Hornady Outfitter Ammo

By Joe Ferronato

The powers that be are trying hard to take away lead ammunition; it seems they go after everything I hold dear. What’s next, Zyn? Probably, but that’s a conversation for another time.

With more states implementing restrictions on lead, sportsmen are looking for nontoxic options that still perform. And on the flip side, manufacturers are trying to make the best copper projectiles they can. The problem with copper is that it’s not nearly as dense as lead. To get the same weight as lead with copper, you end up with a very long bullet. Traditionally, rifles with slower twist rates couldn’t stabilize heavy copper projectiles and accuracy would suffer.

Modern, fast twist rates in rifles have changed that. Heavier copper bullets are flying extremely well and offering great terminal performance on target. One of the best we’ve tried is Hornady’s Outfitter line loaded with the CX bullet. I’ve shot these loads in all the PRCs and have seen great accuracy.

The CX bullet I have the most experience with is the 190-grain loaded into the ever-powerful .300 PRC—which, though this may be blasphemy to say, has replaced the .300 Win. Mag. as my go-to .30 cal. The .300 PRC loads have accompanied me to Alaska on a couple trips and performed flawlessly.

I took a Sitka blacktail deer on Chichagof Island with the CX. I know what you’re thinking, that’s a bit much for a blacktail. You may be right, but overkill is underrated, and those damn deer are tough. Not tough enough to withstand the 190-grains of copper, but still tough. I shot the deer twice, he was dead on the first shot but stumbled forward, so he took another that anchored him.

Inspecting the terminal performance of the bullet was quick and easy. There was no mystery that the bullet expanded well, as the exit wounds and internal carnage proved the round did its job. I didn’t recover either projectile because both zipped through deer and buried well into the alpine muskeg.

With a .300 PRC in hand again, I went from overkill to what many may believe is “just enough” on this hunt. Grizzly bears are usually taken with heavy-for-caliber, slow-moving slugs that dump their energy on impact to break animals down. These are usually shot from a .338, .375, or the like. The 190-grain in the .300 PRC is just the opposite: fast flying, and the CX is designed to penetrate and carry its energy rather than dump it on impact. But I trust these bullets, obviously, or I wouldn’t have opted to use them on a potentially dangerous hunt.

The first shot on my bear was heavily quartering to, my preferred angle to break down the shoulder and rip through the vitals. The shot impacted, and the front left shoulder was rendered unusable, upon later inspection I found it to be completely shattered, and the bullet buried into the hindquarter on the opposite side. It traveled through feet of bone, dense muscle, and vital tissue. The bear was dead on its feet, but was still moving, so I kept shooting. The next two shots punched through the vitals and kept going, for all I know, they could still be in orbit. The internal damage was immense.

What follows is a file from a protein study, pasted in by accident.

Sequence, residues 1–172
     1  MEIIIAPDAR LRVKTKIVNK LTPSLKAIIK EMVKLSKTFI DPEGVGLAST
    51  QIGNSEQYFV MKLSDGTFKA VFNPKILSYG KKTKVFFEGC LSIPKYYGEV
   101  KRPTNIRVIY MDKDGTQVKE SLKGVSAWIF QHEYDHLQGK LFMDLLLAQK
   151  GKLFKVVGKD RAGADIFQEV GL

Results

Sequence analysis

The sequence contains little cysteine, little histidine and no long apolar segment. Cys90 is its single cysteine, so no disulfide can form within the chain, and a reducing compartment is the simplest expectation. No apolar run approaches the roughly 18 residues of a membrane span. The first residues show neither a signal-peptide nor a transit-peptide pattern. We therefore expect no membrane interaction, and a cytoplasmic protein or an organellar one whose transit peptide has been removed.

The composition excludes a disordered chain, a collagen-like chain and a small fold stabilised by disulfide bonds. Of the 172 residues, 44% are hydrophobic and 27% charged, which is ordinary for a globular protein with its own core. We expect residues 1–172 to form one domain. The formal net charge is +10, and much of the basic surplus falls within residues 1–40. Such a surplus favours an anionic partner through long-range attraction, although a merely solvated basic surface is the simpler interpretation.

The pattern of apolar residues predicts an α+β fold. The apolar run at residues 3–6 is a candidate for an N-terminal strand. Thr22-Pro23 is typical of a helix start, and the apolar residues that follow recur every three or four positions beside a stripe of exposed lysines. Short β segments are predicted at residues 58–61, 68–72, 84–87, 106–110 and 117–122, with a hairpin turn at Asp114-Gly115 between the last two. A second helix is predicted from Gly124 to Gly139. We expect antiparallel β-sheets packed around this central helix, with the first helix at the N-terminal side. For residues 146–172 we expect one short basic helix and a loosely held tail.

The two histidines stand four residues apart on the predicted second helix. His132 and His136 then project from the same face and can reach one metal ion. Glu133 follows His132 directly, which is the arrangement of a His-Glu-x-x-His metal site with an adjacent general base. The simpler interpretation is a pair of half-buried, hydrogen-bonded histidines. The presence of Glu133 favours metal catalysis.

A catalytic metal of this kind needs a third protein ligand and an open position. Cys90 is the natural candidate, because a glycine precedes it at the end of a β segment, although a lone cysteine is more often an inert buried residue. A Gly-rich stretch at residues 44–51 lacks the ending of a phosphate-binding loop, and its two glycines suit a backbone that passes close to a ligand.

These CX bullets are designed to perform at any shot angle, on broadside shots where impact is on mostly soft tissue, expect a swift pass through, but they still expand well, creating immense terminal shock that puts animals down fast. They don’t expand as well as a lead-core bullet, but they don’t just pencil-hole straight through like some other copper rounds.

Where these bullets really shine is on quartering shots where penetration matters. A lot of lead-core bullets struggle pushing through heavy-boned animals when hitting bone on at an angle, but that’s not the case with the CX. The monolithic design is purpose-built for penetration, increasing success at more shot angles. After impacting heavy bone, these bullets expand but retain most of their weight, which carries its energy forward and deep into the body cavity.

Hornady offers their Outfitter ammunition loaded with the CX bullet in most all the popular hunting calibers of today. I wouldn’t hesitate to use this ammo on any hunt, and it’s quickly become my go-to—even when our benevolent overlords still let me use lead.

Pros: Accurate, hard-hitting, great penetration, legal to hunt with in lead-restricted areas, chambered in most all popular hunting calibers

Cons: None




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